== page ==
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Alleged Nassar victim to MSU president: “Our voices counted for nothing”

Rachael Denhollander
Drew, Cooper & Anding
YouTube Video
Rachael Denhollander has written an open letter to MSU President Simon

Since Rachael Denhollander went publicwith her accusations against former MSU sports doctor Larry Nassar in September, more than 80 women and girls have come forward with similar complaints.

Now, a week ahead of testifying against Nassar in court, Denhollander has written two open letters criticizing MSU's response to the scandal: one to President Lou Anna K. Simon,and the other to Dean William Strampel of MSU’s College of Osteopathic Medicine.  

President Simon says child predators are difficult to detect and stop  

“I have been told it is virtually impossible to stop a determined sexual predator and pedophile, that they will go to incomprehensible lengths to keep what they do in the shadows,” Simon told MSU’s Board of Trustees during their April meeting. “That may be true, but we at MSU must do all we can not only to ensure the safety of our patients but to protect youth who come to our campus in all capacities.”

That statement about sexual predators being “virtually impossible to stop” was picked up by the Washington Post in a recent article.

Michigan State University President Lou Anna Simon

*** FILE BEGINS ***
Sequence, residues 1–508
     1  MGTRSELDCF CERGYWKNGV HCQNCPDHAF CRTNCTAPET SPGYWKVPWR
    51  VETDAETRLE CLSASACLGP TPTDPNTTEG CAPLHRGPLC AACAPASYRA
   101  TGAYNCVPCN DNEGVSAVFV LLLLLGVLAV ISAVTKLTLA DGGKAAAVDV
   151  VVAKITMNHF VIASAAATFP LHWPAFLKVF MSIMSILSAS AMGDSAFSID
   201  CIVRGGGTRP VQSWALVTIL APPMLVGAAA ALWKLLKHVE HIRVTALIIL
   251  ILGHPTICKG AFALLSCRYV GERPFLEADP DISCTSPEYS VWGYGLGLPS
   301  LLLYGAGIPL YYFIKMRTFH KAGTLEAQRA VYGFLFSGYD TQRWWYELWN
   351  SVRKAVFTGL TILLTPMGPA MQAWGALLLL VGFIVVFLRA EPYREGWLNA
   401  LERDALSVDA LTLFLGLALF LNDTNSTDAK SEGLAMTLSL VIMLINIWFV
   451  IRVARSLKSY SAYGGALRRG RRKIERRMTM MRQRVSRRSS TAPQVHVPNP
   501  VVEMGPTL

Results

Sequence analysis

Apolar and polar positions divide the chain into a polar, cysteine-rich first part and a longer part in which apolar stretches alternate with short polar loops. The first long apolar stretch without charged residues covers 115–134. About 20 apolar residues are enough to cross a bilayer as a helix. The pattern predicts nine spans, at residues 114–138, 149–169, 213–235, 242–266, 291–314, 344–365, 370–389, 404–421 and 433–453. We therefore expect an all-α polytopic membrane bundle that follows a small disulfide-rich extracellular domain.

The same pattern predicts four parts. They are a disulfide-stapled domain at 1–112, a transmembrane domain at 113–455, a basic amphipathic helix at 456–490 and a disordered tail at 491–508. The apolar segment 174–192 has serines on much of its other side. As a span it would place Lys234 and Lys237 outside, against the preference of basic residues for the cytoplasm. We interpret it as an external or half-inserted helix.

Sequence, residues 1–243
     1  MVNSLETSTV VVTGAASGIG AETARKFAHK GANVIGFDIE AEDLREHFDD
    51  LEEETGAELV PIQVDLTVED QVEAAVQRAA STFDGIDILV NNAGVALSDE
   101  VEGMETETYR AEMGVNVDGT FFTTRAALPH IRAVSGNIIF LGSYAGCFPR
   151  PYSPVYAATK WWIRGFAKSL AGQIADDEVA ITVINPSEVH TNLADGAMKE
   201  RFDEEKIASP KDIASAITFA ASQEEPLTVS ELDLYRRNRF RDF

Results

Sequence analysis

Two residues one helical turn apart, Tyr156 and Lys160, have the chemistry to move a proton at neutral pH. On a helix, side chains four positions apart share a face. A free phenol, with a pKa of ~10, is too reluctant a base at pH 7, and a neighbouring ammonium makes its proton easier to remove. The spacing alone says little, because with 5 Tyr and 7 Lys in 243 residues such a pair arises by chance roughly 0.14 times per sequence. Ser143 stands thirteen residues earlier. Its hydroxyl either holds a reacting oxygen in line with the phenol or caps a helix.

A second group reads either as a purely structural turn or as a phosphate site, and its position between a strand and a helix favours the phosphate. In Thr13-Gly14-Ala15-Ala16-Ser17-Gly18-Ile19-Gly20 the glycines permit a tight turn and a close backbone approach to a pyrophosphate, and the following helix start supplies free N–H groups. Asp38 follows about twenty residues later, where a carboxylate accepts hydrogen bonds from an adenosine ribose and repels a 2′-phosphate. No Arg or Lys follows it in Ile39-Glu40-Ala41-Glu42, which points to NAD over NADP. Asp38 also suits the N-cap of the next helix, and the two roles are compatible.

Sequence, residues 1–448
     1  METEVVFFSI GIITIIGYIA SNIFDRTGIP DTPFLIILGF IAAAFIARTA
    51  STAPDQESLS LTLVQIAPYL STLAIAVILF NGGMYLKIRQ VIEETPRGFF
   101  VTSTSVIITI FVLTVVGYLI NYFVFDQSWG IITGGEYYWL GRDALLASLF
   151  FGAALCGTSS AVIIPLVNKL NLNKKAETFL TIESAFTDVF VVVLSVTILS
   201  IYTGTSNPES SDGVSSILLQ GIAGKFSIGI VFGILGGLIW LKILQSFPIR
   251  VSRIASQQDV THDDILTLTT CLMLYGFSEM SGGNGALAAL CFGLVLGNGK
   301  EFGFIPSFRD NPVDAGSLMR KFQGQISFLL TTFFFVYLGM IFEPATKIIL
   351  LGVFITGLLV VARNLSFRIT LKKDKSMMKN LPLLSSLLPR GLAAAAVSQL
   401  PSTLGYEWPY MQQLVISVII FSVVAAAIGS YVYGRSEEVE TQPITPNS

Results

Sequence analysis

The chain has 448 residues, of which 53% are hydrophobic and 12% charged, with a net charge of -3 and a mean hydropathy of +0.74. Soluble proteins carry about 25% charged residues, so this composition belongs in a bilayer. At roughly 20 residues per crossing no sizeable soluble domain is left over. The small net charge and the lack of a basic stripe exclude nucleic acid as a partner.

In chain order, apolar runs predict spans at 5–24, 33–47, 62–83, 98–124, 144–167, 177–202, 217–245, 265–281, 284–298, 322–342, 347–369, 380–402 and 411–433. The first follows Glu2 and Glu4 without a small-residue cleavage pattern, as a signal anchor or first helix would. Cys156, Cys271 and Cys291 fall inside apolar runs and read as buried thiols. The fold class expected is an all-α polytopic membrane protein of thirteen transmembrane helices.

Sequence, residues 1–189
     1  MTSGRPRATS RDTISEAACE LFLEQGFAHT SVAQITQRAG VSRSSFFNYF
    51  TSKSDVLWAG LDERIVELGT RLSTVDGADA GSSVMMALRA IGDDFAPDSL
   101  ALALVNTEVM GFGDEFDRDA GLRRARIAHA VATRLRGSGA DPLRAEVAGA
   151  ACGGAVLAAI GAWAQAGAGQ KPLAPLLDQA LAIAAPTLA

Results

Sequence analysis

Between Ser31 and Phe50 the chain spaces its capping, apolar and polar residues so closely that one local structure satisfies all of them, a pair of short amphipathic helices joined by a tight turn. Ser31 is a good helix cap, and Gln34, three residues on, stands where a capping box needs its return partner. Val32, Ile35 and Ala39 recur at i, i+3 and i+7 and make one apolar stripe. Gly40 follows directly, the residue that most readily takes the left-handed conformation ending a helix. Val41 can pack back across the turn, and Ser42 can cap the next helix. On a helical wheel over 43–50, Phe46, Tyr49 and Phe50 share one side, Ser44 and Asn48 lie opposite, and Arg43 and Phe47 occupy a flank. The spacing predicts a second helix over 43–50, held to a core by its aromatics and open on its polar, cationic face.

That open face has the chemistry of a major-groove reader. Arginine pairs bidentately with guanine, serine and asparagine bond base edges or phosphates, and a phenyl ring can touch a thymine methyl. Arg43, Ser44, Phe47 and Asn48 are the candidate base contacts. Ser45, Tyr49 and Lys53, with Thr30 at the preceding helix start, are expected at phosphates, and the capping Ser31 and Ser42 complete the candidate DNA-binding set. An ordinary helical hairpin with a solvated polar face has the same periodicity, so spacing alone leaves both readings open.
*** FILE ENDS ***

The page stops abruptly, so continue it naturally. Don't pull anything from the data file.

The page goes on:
Credit Michigan State University
MSU President Lou Anna K. Simon

When Denhollander read that article, she says, she decided to write President Simon an open letter.

“‘Virtually impossible to stop a determined predator and pedophile?’ President Simon, if this is what you have been told, you need new advisors,” Denhollander writes.

“Over the last several decades research into pedophiles and serial child abusers has grown vastly,” she says, adding that evidence shows abusers are often reported, only to have victims be disbelieved. 

“They were not stopped because adults in authority didn’t properly respond when children and young adults reported abuse to them. President Simon, does this sound familiar?”

Denhollander points to the multiple reports of abuse allegedly made to MSU staffers as far back as the late 90’s. The school also cleared Nassar of sexual misconduct in a 2014 Title IX investigation (though in recent months, new investigations found Nassar responsible for violating school policy, including in Denhollander’s case.)

“Abuse goes unchecked not only because adults are not properly trained to recognize signs of abuse,” she writes, “but because adults ignore or dismiss the signs of abuse, because they do not want to believe it.”

So for Simon to say that repeated sexual abuse is “virtually impossible to stop,” Denhollander says, sends the message that “officials who are willfully indifferent to abusers can wash their hands and walk away, because men like Nassar are ‘virtually impossible to catch.’

“Except that’s not true. It has never been true. But it does shift the blame. That makes it feel better, doesn’t it? Better, at least, for those who failed to protect the children,” Denhollander writes.